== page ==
Stress, Teens and School

Teens experience a high level of stress during the school year, according to a survey from the American Psychological Association. For a more visual representation of these numbers, check out our 'Stress, Teens & School infographic.'

Here are some numbers about stress, teens and school. 

27% of teens report experiencing extreme stress during the school year.

34% expect their stress to increase during the school year.

The average stress level for teens is 5.8 out of 10, however the considered healthy stress level is 3.9 out of 10.

 

So what are some stressors that teens face?

  • Schoolwork: Teens often stress particularly about their grades and GPA as well as testing when it comes to schoolwork. The pressure to get a certain GPA, especially for applying to college, causes a lot of teens to worry. Also, due to standardized testing and testing that does not showcase every student's individual intelligence and learning style, many teens become anxious about taking tests and the importance of testing for their GPA.
  • Social Issues: Social life and the pressures that come with it during the teen years can cause any teen to become overly stressed. Issues such as bullying, making friends and peer pressure can lead to extreme stress as well as other mental health problems such as depression and suicidal thoughts. It's important to recognize the influence social issues have for children and teens.
  • Appearance: Bodyweight, acne and fashion can be factors that will stress out a teen. Media has placed unrealistic standards for beauty that most teens feel they do not reach or maintain. These stressors can lead to other disorders such as eating disorders.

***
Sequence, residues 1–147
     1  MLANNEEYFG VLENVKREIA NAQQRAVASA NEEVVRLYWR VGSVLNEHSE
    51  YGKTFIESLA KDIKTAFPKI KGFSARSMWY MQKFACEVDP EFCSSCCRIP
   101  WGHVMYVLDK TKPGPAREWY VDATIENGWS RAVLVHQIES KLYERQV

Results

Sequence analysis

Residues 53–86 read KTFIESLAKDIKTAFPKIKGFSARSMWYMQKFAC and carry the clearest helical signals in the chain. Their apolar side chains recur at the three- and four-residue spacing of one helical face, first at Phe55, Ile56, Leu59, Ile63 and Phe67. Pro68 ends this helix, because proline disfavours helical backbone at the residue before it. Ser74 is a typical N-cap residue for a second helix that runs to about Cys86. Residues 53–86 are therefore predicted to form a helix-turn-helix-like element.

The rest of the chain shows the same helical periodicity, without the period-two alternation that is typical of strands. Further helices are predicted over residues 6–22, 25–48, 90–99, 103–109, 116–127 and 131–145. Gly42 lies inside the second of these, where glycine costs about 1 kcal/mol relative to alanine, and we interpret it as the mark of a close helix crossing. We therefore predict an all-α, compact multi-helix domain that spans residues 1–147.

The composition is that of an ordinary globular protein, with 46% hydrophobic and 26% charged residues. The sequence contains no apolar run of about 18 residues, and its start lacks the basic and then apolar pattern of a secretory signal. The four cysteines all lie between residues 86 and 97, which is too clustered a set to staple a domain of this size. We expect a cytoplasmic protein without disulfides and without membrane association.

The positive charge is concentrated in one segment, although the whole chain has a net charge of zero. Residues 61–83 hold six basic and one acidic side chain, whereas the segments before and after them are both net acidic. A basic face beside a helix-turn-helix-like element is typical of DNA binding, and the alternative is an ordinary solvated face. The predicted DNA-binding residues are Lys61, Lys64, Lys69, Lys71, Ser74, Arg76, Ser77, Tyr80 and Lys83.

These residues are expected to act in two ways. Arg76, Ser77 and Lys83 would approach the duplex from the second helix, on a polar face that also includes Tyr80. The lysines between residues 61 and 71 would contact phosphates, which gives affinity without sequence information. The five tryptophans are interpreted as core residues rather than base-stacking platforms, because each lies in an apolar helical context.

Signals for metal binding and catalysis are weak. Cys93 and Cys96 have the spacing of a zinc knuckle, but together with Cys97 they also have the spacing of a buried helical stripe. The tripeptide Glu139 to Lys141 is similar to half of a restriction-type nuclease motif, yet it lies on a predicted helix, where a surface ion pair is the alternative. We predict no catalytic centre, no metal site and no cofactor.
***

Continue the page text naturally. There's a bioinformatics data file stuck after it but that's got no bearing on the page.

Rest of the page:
• Family: Many teens worry about their families' financial security as well as family strife such as divorce. 

 

What are some of the effects of stress for teens and how does teen stress compare to adult stress?

The effects of stress on teens is similar to that of adults. 41% of adults and 40% of teens feel irritable and angry when stressed. 37% of adults and 36% of teens feel anxious and nervous. 30% of adults and 32% of teens feel they could cry when stressed.

Additionally, 32% of teens report headaches when stressed; 26% report changes in sleep; and 26% report overeating or eating unhealthy foods.

 

It's important for teens and parents or guardians to recognize the effects of stress and talk to one another about how to reduce stress. Talking to one's primary physician, therapist or other health provider can also be beneficial. 

 

If you or a loved one is dealing with extreme stress, contact KBH at 1-888-322-2136.

 

*Statistics from American Psychological Association.

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